Five days ago, many of the teachers attending the institute had never set foot inside an art museum. Indeed, some even considered art itself an elitist enterprise, certainly not something to be taught alongside reading and mathematics. But after one week of nonstop lectures, tours, workshops, and group discussions, they know the Joslyn and its vast holdings intimately, and they talk about art and art history like scholars, tossing off such highfalutin phrases as "post-rationalist eclecticism" and "stylistic analysis." Summer's just begun, but they're eager to return to their classrooms in the fall and put their new notions about art and education into practice.
"I've got so many ideas going through my mind," says Vicki Richman, a high school English teacher from Lexington, a farming community in the central part of the state.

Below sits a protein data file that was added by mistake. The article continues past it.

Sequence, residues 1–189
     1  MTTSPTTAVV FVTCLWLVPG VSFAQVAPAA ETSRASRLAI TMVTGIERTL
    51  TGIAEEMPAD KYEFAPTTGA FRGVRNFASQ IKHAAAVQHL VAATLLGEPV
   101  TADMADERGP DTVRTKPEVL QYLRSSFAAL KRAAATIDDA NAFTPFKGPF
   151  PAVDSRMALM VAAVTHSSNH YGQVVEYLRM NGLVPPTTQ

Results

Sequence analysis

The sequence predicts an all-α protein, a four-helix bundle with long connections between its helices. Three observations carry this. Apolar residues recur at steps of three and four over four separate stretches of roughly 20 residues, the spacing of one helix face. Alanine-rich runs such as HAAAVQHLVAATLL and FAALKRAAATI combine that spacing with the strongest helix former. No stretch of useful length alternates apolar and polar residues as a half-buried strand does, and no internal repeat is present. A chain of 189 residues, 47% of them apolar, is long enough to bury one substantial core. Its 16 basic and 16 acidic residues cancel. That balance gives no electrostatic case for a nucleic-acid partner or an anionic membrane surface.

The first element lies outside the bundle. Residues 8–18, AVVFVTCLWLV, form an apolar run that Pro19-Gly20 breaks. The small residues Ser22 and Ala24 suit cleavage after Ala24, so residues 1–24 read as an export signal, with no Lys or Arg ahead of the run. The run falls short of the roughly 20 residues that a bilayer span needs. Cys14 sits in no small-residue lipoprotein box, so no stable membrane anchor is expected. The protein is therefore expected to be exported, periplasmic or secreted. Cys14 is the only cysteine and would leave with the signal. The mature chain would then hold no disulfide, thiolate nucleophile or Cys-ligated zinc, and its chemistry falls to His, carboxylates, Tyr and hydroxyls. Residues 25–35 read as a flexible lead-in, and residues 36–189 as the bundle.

First grade teacher Julie Myers, also from Lexington, says: "I was a Friday-afternoon art person at best. You know: Here's another crafty holiday art project--let's have some fun coloring and painting. And I'm sure I'll still do some of those. But the students will be getting more art instruction, and I plan to use art to teach other subjects."
It's been a long, hard week for Myers and the other teachers. The days begin at 8:30 a.m. and last well into the evening. Not that the teachers aren't having fun at the same time. The Prairie Visions staff members go out of their way to make it a pleasant experience. Still, the teachers are giving up a week of their summer vacation, and many have left families behind. Until last year, the institute lasted for two weeks, but the organizers decided that was simply too much to ask.